In early 1960, a 30-year-old unknown comedian with no stand-up experience walked onto the stage of a Houston nightclub to record an album.
On Aug. 1, “The Button-Down Mind of Bob Newhart” reached No. 1 on the Billboard charts, the first-ever comedy album to do so, launching Newhart’s storied 60-year career, including the iconic CBS sitcoms “The Bob Newhart Show” and “Newhart.”
“I thought [‘The Button-Down Mind of Bob Newhart’] might sell maybe 5,000 albums. I would’ve been happy with that,” Newhart, 90, told The Post, on its 60th anniversary milestone. “I really saw it as an adjunct to stand-up, to maybe get four or five more people to come [to a club] because they’d heard about that album.
“And then it exploded.”
Less than a year earlier, Newhart was working part time and hoping for a career in comedy — with no experience and absolutely nothing to show for his efforts, save for being “the funny guy in the barracks” during the Korean War (he served from 1952 to 1954).
Now, he was the hottest comedian in America — with a fascinating “overnight sensation” story behind his meteoric rise.
“A friend of mine in Chicago, a disc jockey named Dan Sorkin, who was at WCFL, said to Warner Bros., ‘I have a friend of mine that I think is very funny,’ ” Newhart said. “They said, ‘Tell him to put something on tape and we’ll listen to it.’ So I put all three of my routines on tape — the Abe Lincoln sketch, the Driving Instructor and the Submarine Commander — and Dan played it for them and they said they’d like to meet me.
“So I met with Warner Bros., which was about to go out of business. All they had was the Everly Brothers,” he said. “They said, ‘We like your material, we’d like to offer you a recording contract.’ But we had a problem — I had never played at a nightclub . . . I had done one or two [stand-up gigs] for charities in Chicago. That’s all I had going. I mean, there was nothing.
“I’d graduated with a degree in accounting [from Loyola University Chicago] and all my friends were getting married and buying homes and having kids — and I was working part time at Christmas in one of the department stores.”
It took Warner Bros. “the better part of a year,” Newhart said, to find a club willing to let the novice stand-up comedian with no experience record his act (even with the contract). He landed at the Tidelands Club in Houston. “One of the first things you learn in stand-up, the first day if not sooner, is that you can’t show any fear,” Newhart said. “You’re in charge of the stage. That’s your stage and if the audience senses any reticence on your part, you’re dead meat.
“So I walked onto that stage in Houston with all the bravado I could command.”
It worked. Newhart’s best-known surreal routines from that first album included “Abe Lincoln vs. Madison Avenue” (Lincoln’s New York press agent giving him advice over the phone before his Gettysburg Address); “Driving Instructor” (a TV series imagining a conversation between a nervous driving instructor and his clueless client); and “The Cruise of the USS Codfish” (a nuclear sub captain addressing his crew’s gaffes, including “firing on Miami Beach”). (Newhart later revived his celebrated “phone routine” for the opening of “The Bob Newhart Show.”)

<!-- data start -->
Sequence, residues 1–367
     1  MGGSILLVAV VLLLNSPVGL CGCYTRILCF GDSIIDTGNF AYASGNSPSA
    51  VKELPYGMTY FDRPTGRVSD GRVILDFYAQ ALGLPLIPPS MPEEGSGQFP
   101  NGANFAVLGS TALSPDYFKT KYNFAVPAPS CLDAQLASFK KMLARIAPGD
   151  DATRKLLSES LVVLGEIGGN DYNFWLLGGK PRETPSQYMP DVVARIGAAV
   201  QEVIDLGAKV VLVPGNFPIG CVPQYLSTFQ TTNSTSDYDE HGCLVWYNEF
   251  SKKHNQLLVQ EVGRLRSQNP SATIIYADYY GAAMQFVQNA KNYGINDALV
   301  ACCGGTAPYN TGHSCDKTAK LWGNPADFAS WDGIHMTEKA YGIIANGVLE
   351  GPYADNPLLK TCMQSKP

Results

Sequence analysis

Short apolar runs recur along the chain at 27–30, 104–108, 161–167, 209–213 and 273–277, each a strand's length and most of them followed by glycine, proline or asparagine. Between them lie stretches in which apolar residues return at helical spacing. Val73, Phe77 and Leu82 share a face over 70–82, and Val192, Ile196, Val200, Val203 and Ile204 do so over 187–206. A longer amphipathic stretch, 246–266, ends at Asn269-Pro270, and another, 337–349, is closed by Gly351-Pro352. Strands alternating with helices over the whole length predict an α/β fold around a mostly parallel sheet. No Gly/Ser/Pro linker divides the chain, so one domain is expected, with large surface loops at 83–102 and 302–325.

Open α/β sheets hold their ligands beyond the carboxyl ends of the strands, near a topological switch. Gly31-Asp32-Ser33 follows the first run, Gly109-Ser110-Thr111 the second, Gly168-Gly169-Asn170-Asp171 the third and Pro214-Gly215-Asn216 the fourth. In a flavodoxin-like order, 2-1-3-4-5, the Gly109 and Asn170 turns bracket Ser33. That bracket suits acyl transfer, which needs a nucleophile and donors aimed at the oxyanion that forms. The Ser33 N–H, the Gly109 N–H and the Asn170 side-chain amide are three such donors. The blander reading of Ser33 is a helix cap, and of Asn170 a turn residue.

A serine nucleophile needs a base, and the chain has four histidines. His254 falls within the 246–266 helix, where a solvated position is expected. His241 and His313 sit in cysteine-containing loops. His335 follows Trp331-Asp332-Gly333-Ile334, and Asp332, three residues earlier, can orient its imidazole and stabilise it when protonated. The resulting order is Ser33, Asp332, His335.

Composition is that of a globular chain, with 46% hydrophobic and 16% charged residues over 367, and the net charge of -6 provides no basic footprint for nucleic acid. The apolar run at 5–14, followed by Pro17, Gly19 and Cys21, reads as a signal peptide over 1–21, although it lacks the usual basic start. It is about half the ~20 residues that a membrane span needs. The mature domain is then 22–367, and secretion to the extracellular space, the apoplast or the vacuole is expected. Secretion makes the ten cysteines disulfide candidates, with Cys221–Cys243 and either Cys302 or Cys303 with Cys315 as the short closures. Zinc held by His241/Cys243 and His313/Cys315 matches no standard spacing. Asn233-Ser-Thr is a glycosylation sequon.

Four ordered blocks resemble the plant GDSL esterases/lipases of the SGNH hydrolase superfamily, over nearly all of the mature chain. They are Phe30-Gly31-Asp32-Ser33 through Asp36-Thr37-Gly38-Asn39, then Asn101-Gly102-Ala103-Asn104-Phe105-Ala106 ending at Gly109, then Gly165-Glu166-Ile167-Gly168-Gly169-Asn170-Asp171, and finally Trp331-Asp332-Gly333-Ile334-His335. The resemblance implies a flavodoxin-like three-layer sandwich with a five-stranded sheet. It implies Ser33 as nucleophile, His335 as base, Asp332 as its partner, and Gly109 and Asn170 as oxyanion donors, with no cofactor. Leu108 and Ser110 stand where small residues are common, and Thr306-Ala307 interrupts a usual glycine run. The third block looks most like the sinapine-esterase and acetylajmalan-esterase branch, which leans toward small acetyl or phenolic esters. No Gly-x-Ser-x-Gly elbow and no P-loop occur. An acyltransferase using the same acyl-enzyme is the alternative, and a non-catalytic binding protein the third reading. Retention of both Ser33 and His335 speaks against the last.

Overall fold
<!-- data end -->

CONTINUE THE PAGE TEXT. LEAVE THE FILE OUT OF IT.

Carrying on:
The album, subtitled “The Most Celebrated Comedian Since Attila The Hun” (Newhart’s idea), began to rise steadily on the charts through word-of-mouth (mostly college students) and Newhart’s fortuitous television appearances on the 1960 Emmy Awards and a guest spot on Jack Paar’s “Tonight Show” (Betty White was the other guest).
“The comedy clubs weren’t around then,” he said. “There was a big sea change in comedy. There was Mike [Nichols] and Elaine [May], Shelley Berman, myself, Jonathan Winters and Lenny Bruce. We all kind of happened at the same time and the humor was different than the humor before that, when there were a lot of wife jokes . . . and they had no relevance to college kids who picked up these albums, which were about their fears and their concerns about life.
“They would get the record albums and go to someone’s dorm room and get beer and pizzas and someone had a record player. Those were their nightclubs,” he said. “I think they really created that demand.”
Following his appearance on the 1960 Emmys, hosted that year by Fred Astaire, Newhart was invited onto “The Tonight Show.” “That was a big break for any stand-up,” he said. “They said, ‘OK, there’s a star out there. Walk on it and do your routine and when it’s over . . . Jack will either call you over [to talk to him] or he’ll applaud.’ If he applauds that means it didn’t go very well.
“So I stood there for what seemed like a lifetime and all of the sudden, Jack motioned me over.”
In April 1961, Newhart won three Grammys for “The Button-Down Mind of Bob Newhart” and its follow-up, “The Button-Down Mind Strikes Back!”: Best New Artist, Album of the Year and Best Comedy Performance, Spoken Word.
“They didn’t even have a category for comedy at that time,” he said. “It beat out [Harry] Belafonte, Sinatra and an Elvis album [‘Are You Lonesome Tonight?’] They kept calling my name and I kept walking up there and thanking them for the awards.”
“The Button-Down Mind of Bob Newhart” continues to resonate. Pete Campbell (Vincent Kartheiser) listened to it in Season 1 of “Mad Men” and, in the opening episode of “The Marvelous Mrs. Maisel,” Joel (Michael Zegen) ripped it off, regurgitating some Newhart bits in his (failed) bid to become a stand-up comic.
“Years later I was giving Richard Pryor a Lifetime Comedy Achievement Award,” Newhart said. “He was in a wheelchair at the time . . . and he looked up at me and said, ‘I stole your album. In Peoria [Illinois]. I went into a record store and put it in my jacket.’
“I said, ‘Richard, I get a quarter an album,’ ” Newhart said. “So he got a quarter from someone and gave it to me for my royalty.”